So when it comes to Hyalopterous Lemure, that's a double whammy. Neither word seems like a real English word to a layperson, but the inquisitive sort might be compelled to Google both. But we're in late '94 into early '95 right now. There's no such thing as "Google," as the search engine so ubiquitous to life today wasn't introduced to the public until September of 1998. Today, anyone can discover the meaning of both words as quickly as it takes to type them into a search bar -- "hyalopterous" meaning having transparent wings like a bug, and "lemure" being the name of a horrible ghostlike monstrosity from Roman mythology.

Oddly, of the two obscure words that make up the card name, Richard Thomas's art gets the arguably more rare word, hyalopterous, right. The fuzzy little guy has translucent insect wings, there's no doubt about it. But the fuzzy little guy being a fuzzy little guy shows that Thomas read "lemure" as "lemur," made even funnier coupled with the card's flavor text. "The Lemures looked harmless, until they descended on my troops," says the quote. Maybe Madagascar's lemurs are cousins to Australia's drop bears?

The misunderstanding was made into an in-joke thanks to Viscid Lemures from Time Spiral, this time the famously courageous Norin the Wary being the one confusing the monstrous Lemure and the precious lil' lemur, and in 2006, Drew Tucker at least had the ability to Google "Viscid," just to be safe. By the time Dominaria Remastered rolled around in 2023, we've all had our fun, and Wizards opted to finally give the Lemur/es a new art befitting the original intent, along with a referential flavor text quote courtesy once again of Norin.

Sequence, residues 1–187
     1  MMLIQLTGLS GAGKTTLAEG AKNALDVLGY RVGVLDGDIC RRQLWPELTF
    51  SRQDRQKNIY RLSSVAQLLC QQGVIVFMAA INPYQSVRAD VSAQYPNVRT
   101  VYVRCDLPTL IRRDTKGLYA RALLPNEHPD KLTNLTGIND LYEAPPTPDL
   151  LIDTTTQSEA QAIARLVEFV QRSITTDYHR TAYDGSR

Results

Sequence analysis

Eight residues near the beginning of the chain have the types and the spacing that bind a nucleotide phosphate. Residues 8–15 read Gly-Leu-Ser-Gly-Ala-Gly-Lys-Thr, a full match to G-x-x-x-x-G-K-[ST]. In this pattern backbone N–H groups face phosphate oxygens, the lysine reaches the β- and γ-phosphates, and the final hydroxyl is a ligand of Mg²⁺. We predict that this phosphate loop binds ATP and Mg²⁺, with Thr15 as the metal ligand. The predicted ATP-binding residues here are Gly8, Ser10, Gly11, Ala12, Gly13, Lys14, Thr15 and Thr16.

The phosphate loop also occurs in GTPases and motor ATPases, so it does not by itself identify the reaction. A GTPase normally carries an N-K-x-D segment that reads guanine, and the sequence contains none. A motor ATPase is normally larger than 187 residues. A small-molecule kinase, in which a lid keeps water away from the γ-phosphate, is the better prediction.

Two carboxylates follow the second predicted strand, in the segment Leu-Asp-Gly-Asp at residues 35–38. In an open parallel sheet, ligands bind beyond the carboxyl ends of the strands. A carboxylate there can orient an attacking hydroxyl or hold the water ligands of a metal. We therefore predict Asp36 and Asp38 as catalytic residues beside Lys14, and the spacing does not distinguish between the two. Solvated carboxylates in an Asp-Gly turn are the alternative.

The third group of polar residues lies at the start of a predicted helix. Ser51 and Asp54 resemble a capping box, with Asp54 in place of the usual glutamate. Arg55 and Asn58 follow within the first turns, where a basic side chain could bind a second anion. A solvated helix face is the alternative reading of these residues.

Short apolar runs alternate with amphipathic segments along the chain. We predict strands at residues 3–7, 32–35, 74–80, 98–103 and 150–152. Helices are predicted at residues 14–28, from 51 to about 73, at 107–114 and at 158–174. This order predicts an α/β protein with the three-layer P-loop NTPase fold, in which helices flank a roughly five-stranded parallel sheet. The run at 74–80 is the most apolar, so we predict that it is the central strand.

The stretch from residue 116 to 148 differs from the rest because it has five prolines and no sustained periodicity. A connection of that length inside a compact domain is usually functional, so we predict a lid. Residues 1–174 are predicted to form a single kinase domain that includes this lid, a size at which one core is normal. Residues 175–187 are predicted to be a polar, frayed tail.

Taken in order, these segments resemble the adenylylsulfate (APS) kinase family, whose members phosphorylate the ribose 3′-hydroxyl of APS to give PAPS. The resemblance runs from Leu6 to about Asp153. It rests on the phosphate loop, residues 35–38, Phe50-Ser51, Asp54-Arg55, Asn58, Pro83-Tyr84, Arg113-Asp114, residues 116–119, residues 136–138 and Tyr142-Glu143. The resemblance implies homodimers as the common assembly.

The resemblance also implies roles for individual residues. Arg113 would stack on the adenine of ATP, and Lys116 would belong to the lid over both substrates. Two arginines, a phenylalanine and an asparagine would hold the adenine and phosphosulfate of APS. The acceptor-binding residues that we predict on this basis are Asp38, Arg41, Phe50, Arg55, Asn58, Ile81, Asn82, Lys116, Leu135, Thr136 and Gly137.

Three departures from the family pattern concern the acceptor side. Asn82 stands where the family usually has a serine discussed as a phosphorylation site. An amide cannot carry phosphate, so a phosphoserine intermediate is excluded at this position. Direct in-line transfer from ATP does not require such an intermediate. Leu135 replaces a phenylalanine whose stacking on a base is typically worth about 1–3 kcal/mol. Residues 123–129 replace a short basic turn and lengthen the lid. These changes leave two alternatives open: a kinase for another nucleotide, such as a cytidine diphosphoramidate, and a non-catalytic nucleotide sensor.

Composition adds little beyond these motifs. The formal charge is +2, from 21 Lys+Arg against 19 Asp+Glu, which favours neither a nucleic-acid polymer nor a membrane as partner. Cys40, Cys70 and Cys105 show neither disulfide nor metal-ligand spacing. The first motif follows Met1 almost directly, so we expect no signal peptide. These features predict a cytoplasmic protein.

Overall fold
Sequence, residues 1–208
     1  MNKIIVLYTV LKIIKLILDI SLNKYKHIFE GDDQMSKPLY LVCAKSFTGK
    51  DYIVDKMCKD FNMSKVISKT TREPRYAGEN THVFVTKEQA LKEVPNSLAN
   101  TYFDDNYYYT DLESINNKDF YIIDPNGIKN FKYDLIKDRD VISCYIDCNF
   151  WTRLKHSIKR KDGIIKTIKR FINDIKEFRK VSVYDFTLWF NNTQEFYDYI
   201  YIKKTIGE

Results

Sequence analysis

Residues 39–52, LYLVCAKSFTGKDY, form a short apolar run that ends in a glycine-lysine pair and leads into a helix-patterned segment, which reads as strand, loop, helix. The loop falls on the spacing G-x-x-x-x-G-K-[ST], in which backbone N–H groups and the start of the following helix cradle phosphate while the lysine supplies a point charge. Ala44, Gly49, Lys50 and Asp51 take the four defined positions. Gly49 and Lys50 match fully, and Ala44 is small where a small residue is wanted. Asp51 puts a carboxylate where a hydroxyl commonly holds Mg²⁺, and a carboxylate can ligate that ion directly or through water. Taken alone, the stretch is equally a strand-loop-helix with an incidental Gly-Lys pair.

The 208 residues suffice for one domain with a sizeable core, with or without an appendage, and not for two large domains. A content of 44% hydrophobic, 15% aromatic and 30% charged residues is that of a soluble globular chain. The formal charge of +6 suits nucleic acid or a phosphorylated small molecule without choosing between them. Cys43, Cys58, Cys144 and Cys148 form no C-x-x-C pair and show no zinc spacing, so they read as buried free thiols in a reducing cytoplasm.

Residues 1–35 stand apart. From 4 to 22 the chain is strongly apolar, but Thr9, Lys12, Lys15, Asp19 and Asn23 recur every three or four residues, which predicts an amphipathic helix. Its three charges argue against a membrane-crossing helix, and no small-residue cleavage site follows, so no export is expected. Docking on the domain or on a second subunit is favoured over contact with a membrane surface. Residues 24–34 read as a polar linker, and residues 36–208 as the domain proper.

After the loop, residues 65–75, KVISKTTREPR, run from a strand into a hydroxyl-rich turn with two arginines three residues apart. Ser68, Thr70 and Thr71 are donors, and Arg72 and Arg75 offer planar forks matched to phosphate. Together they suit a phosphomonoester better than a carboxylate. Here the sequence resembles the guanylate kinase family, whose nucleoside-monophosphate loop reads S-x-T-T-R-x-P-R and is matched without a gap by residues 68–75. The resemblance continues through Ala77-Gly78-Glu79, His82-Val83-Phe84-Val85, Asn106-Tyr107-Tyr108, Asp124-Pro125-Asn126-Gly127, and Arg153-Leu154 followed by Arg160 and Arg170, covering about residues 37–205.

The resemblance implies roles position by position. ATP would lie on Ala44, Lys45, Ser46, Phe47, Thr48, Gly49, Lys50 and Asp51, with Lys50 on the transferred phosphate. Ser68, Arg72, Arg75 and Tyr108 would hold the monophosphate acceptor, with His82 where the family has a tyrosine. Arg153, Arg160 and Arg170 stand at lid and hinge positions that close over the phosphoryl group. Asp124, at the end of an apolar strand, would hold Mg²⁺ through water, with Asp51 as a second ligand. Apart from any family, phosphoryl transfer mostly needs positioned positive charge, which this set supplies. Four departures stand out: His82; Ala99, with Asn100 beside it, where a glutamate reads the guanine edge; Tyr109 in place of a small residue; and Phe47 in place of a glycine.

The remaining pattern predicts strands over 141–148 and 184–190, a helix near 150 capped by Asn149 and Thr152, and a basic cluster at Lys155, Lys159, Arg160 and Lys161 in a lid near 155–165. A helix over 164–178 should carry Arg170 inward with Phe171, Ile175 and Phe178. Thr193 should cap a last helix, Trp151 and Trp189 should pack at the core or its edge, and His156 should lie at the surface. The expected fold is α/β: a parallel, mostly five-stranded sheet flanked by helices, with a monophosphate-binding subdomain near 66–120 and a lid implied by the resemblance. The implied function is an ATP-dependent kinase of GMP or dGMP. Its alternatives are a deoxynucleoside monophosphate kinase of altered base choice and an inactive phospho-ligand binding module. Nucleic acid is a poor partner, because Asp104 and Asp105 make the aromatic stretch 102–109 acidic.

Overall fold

Alchor's Tomb

Alchor's Tomb art
Alchor's Tomb by Jesper Myrfors

At first glance, everything seems fine with this particular Legends rare. The name's "Alchor's Tomb," and the art seems to depict exactly that. It can certainly be posited that yes, what we're seeing is a tomb. It's a tomb that noticeably does not interact with the graveyard in any way, but it's a tomb nonetheless. This, however, is a case of the card's name being changed at the last minute to fit what the artist heard, instead of what the original intent was.